Sleep deprivation in the first hours after exposure to a significantly stressful event reduces the risk of Post-Traumatic Stress Disorder (PTSD), according to the researchers behind a new study published in the journal Neuropsychopharmacology.
The researchers, from Ben-Gurion University and Tel Aviv University, say that around 20 percent of people exposed to a severe traumatic event, such as a car accident or terrorist attack, cannot carry on their lives normally. "They retain the memory of the event for many years. It causes considerable difficulties in the person's functioning in daily life and, in extreme cases, may render the individual completely dysfunctional," said researcher Hagit Cohen, director of the Anxiety and Stress Research Unit at Ben-Gurion University.
The role of sleep in memory formation is still not clearly understood but scientists agree it is critical in the formation of persistent memories. Cohen said that because memory is a significant component in the development of post-traumatic symptoms, he and co-researcher Joseph Zohar decided to examine the effects of sleep deprivation immediately after exposure to trauma.
In Cohen's experiments, rats that underwent 6 hours of sleep deprivation after exposure to trauma (predator scent stress exposure), did not later exhibit behavior indicating memory of the event, while a control group of rats that was allowed to sleep after the stress exposure did remember, as shown by their post trauma-like behavior.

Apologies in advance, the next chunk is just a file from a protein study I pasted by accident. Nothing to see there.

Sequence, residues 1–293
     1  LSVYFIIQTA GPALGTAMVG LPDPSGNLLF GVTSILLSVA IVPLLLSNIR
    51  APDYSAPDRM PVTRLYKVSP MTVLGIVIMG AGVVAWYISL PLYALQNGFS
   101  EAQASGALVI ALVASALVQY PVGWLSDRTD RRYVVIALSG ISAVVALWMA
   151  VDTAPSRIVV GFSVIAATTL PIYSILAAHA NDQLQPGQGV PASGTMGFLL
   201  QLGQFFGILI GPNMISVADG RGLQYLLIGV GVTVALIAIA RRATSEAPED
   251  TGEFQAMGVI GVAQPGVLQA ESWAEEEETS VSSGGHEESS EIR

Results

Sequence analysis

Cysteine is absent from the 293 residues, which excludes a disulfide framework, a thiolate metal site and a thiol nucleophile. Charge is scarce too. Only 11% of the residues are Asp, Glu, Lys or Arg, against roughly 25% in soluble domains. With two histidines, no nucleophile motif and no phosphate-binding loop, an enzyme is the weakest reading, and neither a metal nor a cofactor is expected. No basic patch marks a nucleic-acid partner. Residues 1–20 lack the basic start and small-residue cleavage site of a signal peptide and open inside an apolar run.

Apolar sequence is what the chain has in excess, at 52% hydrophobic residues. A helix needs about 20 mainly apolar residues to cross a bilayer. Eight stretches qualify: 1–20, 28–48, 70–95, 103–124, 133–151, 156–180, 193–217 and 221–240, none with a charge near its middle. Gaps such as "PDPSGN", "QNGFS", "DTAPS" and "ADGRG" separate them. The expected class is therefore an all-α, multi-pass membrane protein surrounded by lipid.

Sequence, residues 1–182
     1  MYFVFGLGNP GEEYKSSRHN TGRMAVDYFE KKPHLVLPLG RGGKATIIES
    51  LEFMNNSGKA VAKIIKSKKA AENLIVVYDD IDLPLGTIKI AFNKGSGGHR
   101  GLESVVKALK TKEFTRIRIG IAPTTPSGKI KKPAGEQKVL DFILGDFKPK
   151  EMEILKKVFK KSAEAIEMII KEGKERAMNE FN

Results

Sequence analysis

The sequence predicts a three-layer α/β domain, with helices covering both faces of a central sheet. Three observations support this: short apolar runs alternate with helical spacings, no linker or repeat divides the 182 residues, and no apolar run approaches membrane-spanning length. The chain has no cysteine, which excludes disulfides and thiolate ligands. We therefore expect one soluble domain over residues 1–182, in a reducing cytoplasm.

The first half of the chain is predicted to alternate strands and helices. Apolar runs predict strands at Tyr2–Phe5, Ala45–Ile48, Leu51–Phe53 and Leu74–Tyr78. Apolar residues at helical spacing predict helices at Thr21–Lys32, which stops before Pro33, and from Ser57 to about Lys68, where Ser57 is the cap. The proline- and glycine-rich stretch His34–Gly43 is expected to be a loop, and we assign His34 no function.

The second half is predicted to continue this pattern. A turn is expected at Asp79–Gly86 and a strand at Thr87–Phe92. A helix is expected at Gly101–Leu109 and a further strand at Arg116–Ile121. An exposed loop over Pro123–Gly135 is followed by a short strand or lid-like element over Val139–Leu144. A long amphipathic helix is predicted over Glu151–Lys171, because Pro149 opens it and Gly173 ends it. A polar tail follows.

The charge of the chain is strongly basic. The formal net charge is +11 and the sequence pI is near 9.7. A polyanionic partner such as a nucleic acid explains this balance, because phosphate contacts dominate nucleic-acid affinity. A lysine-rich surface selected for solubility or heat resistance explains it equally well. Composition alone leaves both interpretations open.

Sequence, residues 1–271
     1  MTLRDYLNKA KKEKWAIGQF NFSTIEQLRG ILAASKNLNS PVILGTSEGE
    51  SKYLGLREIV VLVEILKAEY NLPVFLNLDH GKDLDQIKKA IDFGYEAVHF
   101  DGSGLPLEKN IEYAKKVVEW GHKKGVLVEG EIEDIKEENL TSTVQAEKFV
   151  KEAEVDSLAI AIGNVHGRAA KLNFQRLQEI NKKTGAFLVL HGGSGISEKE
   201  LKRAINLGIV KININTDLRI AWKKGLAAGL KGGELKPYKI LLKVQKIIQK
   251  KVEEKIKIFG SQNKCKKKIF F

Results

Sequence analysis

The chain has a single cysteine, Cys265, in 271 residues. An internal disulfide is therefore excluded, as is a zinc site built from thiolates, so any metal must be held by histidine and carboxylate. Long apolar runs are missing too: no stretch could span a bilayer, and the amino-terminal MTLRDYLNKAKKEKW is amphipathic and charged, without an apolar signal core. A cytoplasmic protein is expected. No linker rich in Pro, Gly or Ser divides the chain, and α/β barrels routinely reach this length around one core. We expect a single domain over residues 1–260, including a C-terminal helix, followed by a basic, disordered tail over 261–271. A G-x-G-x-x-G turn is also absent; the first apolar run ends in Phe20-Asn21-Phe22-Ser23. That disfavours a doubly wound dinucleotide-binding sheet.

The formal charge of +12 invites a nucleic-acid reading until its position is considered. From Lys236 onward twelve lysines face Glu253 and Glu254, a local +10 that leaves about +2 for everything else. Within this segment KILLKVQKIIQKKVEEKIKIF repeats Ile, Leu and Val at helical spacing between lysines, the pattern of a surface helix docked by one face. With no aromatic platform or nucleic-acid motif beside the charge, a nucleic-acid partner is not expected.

"As is the case for human populations exposed to severe stress, 15 to 20 percent of the animals develop long-term disruptions in their behavior," says Cohen. "Our research method for this study is, we believe, a breakthrough in biomedical research."
Cohen's study suggests that sleep deprivation in the first hours after stress exposure might represent a simple, yet effective, intervention for PTSD. A pilot study in humans is currently being planned.
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